Friday, November 26, 2010

Quotation for the Day: Rose Wilder Lane

Originally, the use of majority-vote in American government was only as a check on Government. Constitutional law gave a majority of tax-payers a quick recall of the men who assessed and spent their taxes.

This principle is worth thinking about.

Using this principle today would alter the structure of State governments, for the people of each State determine the qualifications of voters. But the unique characteristic of American Government is its flexibility. Americans are always adapting the structure of their Government to the new conditions that American energy constantly creates. A State legislature or a convention of delegates can always make a new Constitution.

Apply the principle of using the vote, not as an imaginary and impossible control of men in office, but realistically in the American revolutionary way, as a check on men in office. The effects today would be innumerable.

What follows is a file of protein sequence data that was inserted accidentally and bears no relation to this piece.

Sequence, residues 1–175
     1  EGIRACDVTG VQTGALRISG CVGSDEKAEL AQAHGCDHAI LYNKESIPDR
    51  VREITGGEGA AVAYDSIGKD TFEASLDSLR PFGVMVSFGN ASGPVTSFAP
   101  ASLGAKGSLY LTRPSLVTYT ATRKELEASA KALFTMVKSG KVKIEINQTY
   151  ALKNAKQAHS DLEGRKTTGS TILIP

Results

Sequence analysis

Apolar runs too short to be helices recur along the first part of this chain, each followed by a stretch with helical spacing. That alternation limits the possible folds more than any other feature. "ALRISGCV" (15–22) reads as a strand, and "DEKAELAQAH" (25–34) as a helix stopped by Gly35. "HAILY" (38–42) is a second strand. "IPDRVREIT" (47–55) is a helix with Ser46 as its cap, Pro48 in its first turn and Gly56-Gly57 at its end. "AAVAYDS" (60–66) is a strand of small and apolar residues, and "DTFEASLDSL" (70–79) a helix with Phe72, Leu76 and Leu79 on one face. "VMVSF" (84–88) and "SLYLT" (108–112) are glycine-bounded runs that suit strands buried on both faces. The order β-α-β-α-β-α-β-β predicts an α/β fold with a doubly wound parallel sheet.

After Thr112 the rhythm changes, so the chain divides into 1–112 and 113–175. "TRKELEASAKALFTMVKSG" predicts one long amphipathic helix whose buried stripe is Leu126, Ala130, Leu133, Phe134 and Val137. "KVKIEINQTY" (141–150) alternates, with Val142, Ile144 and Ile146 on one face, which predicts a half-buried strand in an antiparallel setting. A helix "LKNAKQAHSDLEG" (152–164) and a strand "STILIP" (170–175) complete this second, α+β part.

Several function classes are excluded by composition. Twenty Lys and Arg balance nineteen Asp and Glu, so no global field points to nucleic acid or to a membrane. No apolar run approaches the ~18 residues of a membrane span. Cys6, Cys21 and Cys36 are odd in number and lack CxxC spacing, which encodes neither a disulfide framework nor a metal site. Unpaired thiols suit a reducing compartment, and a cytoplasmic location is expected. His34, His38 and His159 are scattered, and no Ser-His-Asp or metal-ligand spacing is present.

For example: No one but automobile owners would vote for members of Highway Commissions or pay for highways. They would elect the Commissioners by direct vote, pay taxes directly to them for building and maintaining highways, and re-elect (or not re-elect) the Commissioners frequently. (Of course, American Government never should have interfered with highways. Americans had created a free, mutual association, the American Automobile Association, which was dealing competently with all the new questions arising from the invention of automobiles. Private enterprise originated and built the first trans-Continental American highway; free manufacturers and car-owners would have covered this country with highways, as free Americans covered it with wagonroads. Americans wanted cars and highways; no police force was needed to take their money from them and spend it for highways. And it is injustice to the Americans who do not own cars, to compel them to pay for highways.)
Rose Wilder Lane, The Discovery of Freedom: Man's Struggle Against Authority (New York: The John Day Company, 1943) 213.  Digital edition here, courtesy of the Mises Institute.

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